Railroads use manual 1800’s technology – a hand on the throttle – to control the speed of their trains – technology that is horribly ineffective on today’s crowded train lines and two mile long trains. A moment of inattention, a bad decision, or misaligned switch
For over 45 years, the Federal Railroad Administration has been urging the railroads to implement Positive Train Control (PTC) to automatically stop trains moving at dangerous speeds. The effectiveness of PTC is undeniable. According to the FRA, had PTC been in place since they first recommended it in 1969, it could have prevented the death of 245 people, and injuries to 4,260 more.
In 2008, after a commuter rail mishap killed 25 people, Federal legislation was passed requiring that PTC by installed by 2015. The law includes significant financial penalties if the railroads fail to meet that deadline. Federal Railroad Administration regulations later limited the PTC requirement to railroad line segments carrying passengers or chemicals that are toxic by inhalation.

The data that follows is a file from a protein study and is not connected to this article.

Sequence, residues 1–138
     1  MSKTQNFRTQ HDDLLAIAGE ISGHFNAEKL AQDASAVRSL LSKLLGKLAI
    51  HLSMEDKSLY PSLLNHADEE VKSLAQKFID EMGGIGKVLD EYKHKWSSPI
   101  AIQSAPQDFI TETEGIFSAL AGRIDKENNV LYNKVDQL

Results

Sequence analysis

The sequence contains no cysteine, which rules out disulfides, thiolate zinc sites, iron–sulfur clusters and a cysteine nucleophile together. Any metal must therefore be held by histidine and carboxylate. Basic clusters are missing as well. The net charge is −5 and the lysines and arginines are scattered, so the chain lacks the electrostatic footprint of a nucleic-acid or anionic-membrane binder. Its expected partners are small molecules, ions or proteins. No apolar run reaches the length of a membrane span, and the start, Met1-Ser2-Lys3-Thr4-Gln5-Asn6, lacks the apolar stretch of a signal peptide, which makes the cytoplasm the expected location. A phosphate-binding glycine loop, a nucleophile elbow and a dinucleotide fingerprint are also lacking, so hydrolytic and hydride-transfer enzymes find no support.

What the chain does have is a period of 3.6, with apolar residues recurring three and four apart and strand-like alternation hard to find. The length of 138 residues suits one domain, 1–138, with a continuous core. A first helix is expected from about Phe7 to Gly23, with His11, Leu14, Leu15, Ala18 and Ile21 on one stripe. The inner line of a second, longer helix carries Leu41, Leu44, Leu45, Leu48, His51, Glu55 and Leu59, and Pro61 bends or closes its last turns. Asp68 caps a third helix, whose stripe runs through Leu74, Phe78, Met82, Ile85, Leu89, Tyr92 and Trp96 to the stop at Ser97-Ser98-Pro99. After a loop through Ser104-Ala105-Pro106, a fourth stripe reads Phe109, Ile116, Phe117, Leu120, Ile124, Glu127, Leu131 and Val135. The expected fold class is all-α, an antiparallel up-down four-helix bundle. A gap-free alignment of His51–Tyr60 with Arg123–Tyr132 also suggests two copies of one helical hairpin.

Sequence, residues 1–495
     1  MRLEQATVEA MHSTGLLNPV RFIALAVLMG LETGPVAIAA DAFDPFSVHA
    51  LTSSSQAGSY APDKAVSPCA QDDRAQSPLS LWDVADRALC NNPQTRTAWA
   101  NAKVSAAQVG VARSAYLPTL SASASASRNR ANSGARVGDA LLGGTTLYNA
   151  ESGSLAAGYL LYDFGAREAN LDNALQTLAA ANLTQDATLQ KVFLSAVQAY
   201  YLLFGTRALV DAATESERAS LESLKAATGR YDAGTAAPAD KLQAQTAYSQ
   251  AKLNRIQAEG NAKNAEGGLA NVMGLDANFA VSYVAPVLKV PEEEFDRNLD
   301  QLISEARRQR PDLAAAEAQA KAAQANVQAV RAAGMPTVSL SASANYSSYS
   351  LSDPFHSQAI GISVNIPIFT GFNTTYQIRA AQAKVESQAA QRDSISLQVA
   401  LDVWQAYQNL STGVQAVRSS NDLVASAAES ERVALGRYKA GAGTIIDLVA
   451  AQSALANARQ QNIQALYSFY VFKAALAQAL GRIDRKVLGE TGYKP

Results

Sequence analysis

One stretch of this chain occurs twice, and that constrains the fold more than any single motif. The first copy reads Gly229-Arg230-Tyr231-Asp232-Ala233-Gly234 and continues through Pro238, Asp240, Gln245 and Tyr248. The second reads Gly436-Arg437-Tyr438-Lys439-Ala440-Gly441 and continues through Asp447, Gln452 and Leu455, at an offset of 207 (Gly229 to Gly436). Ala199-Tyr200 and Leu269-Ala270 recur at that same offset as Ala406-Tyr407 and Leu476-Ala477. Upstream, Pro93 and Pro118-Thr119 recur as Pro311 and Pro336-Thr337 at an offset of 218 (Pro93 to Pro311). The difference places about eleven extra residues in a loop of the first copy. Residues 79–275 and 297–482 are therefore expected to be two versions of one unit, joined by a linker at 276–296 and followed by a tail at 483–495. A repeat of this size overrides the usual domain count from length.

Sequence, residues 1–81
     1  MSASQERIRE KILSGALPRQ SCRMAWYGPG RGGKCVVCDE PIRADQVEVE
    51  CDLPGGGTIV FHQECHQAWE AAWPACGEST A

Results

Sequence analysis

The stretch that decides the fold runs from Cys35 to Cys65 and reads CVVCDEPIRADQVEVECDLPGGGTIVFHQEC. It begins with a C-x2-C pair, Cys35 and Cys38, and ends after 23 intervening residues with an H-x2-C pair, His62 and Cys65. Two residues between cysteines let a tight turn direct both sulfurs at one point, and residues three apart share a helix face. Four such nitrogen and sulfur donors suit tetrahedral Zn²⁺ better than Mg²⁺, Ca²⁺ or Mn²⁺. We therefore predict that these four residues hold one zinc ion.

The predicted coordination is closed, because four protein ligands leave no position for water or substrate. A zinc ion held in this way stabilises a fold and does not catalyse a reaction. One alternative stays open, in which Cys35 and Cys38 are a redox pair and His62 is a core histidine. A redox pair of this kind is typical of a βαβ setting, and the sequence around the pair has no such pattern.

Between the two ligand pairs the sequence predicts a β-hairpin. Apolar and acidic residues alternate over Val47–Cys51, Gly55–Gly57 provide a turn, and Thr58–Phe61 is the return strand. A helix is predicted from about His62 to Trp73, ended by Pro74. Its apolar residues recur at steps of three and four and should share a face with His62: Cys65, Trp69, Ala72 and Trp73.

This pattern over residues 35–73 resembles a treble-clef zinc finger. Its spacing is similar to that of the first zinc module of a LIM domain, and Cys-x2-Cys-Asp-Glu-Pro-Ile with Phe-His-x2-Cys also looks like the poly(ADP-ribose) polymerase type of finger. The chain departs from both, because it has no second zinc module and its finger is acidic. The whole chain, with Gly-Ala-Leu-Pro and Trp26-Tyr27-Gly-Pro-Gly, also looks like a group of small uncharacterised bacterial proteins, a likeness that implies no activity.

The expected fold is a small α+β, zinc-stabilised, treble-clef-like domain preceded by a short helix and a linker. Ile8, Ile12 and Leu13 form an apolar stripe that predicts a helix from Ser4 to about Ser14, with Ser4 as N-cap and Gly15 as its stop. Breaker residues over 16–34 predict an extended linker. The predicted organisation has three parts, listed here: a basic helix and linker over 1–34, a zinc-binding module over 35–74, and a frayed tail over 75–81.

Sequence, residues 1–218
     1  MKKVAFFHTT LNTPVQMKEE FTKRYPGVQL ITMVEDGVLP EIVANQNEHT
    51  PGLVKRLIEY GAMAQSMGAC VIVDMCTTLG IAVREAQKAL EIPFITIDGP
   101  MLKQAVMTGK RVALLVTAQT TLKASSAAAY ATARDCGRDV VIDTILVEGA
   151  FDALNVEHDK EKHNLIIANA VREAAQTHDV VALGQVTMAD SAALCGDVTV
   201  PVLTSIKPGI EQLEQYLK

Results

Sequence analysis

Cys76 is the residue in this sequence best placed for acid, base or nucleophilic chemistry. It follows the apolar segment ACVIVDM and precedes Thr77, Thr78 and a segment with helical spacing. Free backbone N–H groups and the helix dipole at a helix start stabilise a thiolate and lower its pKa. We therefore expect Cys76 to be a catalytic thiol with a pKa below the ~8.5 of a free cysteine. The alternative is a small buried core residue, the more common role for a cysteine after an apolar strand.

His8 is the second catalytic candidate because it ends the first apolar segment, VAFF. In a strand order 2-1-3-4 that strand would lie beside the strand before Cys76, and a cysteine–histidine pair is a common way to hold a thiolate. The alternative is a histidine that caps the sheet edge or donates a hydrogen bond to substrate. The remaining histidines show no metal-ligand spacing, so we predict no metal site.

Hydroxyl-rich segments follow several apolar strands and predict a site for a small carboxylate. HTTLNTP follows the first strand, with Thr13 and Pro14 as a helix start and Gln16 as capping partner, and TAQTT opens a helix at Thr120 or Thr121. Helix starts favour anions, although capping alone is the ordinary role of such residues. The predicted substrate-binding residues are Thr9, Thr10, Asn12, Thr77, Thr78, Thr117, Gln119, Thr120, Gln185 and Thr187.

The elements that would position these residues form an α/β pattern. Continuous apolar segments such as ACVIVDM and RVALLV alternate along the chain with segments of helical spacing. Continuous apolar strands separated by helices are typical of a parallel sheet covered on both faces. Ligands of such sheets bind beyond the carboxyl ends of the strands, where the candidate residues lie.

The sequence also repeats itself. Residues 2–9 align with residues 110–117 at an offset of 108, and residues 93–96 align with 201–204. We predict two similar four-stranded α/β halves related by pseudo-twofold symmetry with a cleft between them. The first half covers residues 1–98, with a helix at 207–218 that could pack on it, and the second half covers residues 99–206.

How ‘Positive Train Control’ Works & How It Could Make Rail Travel Safer, Forbes
Positive Train Control – Additional Authorities Could Benefit Implementation, United States Government Accountability Office
Detailed Report Shows Most Railroads Will Miss Positive Train Control Deadline, Federal Railroad Administration